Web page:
These materials were actually pivotal for my creative works. They transitioned me from photography into making videos. It started from a short film about abandoned chairs, then ambient videos on a red sofa. When I got into COFA, broken TVs were used for a looped video assignment. And it concluded with video installation about torn mattresses.
No one would care how they got there or how they would end but they were so intriguing to me that I needed to exercise my imagination to tell their stories. Having explored them again reminded me how beauty could be discovered from discarded lives on the streets.
On another aspect, I was thinking of doing urban landscape comparison between my old photography and the latest visit. But there was no concrete plan for it and I enjoyed drifting in the streets and back lanes. However, I got a chance to do only one properly.
My creative time in Sydney was always around Newtown area. And this particular tunnel intrigued me the most and always got me something whether I walked through, or took time to examine it, or used it as a shooting location.
There’s a long history for me with it at least since 2002. It is a must for me to get there and drown myself in it.
After all this time in Washington DC, I get to get out of town, finally. Intentionally, the first city I’d like to visit is Detroit. That’s for some good reasons—to get the sense of changing urban landscape and to see Sigur Rós concert. It turns out to be one of my self-revelation peaks.
Saturday in the Detroit is actually quite short. It is almost 6pm when I get to downtown to walk around the city whereas the show starts at 8.30pm. So, there isn’t much time to explore the famous urban decay. Although there are many abandoned buildings, it is not as dramatic as it sounded years ago.
Probably, the city is slowly in reincarnation phase. You get the sense of city’s rebounding from local creative business like local breweries such as one I have at Detroit Beer Company. It has a long history of art and music scene. I can see it now from Fox Theater. The over-the-top Art Deco interior just amazes me. I wish I could explore more and more.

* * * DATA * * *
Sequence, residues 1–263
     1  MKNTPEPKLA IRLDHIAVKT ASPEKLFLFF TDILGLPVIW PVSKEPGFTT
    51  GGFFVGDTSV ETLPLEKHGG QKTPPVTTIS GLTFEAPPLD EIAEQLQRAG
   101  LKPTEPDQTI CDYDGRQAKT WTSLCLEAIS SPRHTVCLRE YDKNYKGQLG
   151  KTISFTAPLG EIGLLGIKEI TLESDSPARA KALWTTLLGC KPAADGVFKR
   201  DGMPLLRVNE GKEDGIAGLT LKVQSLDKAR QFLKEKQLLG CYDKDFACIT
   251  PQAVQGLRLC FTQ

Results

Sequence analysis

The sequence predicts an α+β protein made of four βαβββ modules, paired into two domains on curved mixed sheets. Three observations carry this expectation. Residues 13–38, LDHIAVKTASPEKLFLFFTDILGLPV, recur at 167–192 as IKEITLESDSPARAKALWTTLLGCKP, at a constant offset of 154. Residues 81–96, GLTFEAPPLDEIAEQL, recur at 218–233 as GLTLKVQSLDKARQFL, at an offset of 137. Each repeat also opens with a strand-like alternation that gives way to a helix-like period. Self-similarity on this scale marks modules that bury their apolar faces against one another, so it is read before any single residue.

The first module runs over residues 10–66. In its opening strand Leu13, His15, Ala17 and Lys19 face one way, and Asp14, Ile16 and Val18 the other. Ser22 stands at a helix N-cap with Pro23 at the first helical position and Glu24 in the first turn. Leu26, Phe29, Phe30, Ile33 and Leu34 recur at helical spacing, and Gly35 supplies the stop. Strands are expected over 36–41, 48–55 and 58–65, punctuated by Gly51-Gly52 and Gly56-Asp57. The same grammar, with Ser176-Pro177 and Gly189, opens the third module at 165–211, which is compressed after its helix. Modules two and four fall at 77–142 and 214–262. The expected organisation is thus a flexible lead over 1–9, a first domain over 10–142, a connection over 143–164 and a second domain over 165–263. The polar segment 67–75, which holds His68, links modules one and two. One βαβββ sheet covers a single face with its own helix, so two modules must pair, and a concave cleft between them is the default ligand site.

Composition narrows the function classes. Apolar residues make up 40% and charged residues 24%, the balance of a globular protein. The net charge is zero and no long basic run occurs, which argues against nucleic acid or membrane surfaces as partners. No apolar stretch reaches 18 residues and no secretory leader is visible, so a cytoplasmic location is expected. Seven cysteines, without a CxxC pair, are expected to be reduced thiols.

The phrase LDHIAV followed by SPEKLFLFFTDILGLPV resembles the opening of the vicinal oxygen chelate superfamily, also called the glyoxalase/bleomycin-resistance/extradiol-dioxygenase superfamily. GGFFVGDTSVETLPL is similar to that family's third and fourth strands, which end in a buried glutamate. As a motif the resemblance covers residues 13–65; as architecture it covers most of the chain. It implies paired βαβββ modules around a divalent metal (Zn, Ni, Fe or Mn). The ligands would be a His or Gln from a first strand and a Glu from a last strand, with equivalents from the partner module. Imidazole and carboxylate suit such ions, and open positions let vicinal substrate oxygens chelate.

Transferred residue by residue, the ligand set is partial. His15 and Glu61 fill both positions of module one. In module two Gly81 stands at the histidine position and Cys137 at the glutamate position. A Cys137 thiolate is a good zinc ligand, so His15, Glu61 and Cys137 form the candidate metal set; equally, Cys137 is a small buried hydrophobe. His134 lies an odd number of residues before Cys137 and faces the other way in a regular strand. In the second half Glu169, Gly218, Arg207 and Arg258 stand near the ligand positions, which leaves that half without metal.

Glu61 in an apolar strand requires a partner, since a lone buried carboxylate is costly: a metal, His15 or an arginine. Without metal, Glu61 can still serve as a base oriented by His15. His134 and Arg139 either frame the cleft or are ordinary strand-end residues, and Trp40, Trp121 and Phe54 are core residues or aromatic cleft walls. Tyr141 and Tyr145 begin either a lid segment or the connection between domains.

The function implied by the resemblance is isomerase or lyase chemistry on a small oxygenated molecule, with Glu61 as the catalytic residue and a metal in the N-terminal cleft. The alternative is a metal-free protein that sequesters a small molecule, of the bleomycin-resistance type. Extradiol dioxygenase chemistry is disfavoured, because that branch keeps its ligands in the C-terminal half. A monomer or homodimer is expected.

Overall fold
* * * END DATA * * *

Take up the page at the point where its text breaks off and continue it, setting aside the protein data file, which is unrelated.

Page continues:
While waiting for the show, the combination of the theatre’s visual stimulant and the meditative walk-in music put me to process the whole experience so far. My head keeps chanting ‘I’m in Fox Theater in Detroit to see Sigur Rós’. An intense journey I haven’t had for a long time kicks off.
During the first half of the show, my emotion gets so overwhelmed by self-reflection that I start to sob.
I’ve been soul searching since I made the big move to this current job in DC last year. (That includes the trip to Sydney in May-June this year and I should blog about it later.) And lately, I have convinced myself as an INFP. It ticks the boxes I question about my own decisions in my life. The evening with the mantra ‘I’m in Fox Theater in Detroit to see Sigur Rós’ has just put a nail on it.
Understanding myself as an INFP processes me why I wanted to visit Detroit before anywhere else in the States and why Sigur Rós. For the first time in many years I think I’m clear why I’m here, hence, where and how I’d like to go further.
It’s a short day with a long internal journey in Detroit. In the end, it gets you the feeling of self-discovery. Everything seems to make sense now. All effort is worth it and the rest of the trip is the bonus. I shall move forward and explore.
As a boy from tropic, I wasn’t really looking forward this Snowzilla, my first ever snow storm saga. But it turned out to be an interesting small adventure in D.C.
I was preparing to stay in the house until it ended. Especially, I tumbled on the slippery street on the first snowy night. That was a bad alarm. But when it actually came knocking on your door in the morning with the white landscape on the street, the smooth-looking snow lured me out with the camera.
I decided to take the regular route from Mount Pleasant to Adams Morgan. The condition was tough with 30-cm snow and the freezing wind. Still, I wasn’t alone on the street.
However, the camera (it’s the office camera, for disclosure) wasn’t prepared for it. When the snow landed on it, it turned into the liquid form. And that could be the big problem. My goal was to get to the destination, get a lunch, and grab some drinks at the regular pubs.
Funny enough, pubs were open as usual and I had too much to drink as usual.
As soon as I got up on the train from Chiang Mai, my focus was almost immediately on the changing landscapes outside the window—from Ayutthaya Station right up Hua Lamphong Station. It was an enjoyable mixed bag of urban creep sceneries to see.
In Ayutthaya, there was a rhythm of rice fields and industrial estates emerging from the light of dawn. Then they started to work on the new Dark Red Line suburban commuter train in Rungsit. Don Muang was the mark that it had entered Bangkok with the old International Airport. Along the way, there was Bangkok’s Stonehenge, which became street artists’ heaven. It went through the train depot in Bang Sue, which would be the last clear horizon perspective from the train. Finally, while it was approaching the final destination in Hua Lamphong, Bangkok from the train view turned into dense communities.
By the time the train arrived Bangkok, the camera phone and the spare powerbank almost ran out of their power and I got very exhausted with the travelling and everything. But it was all really worth it.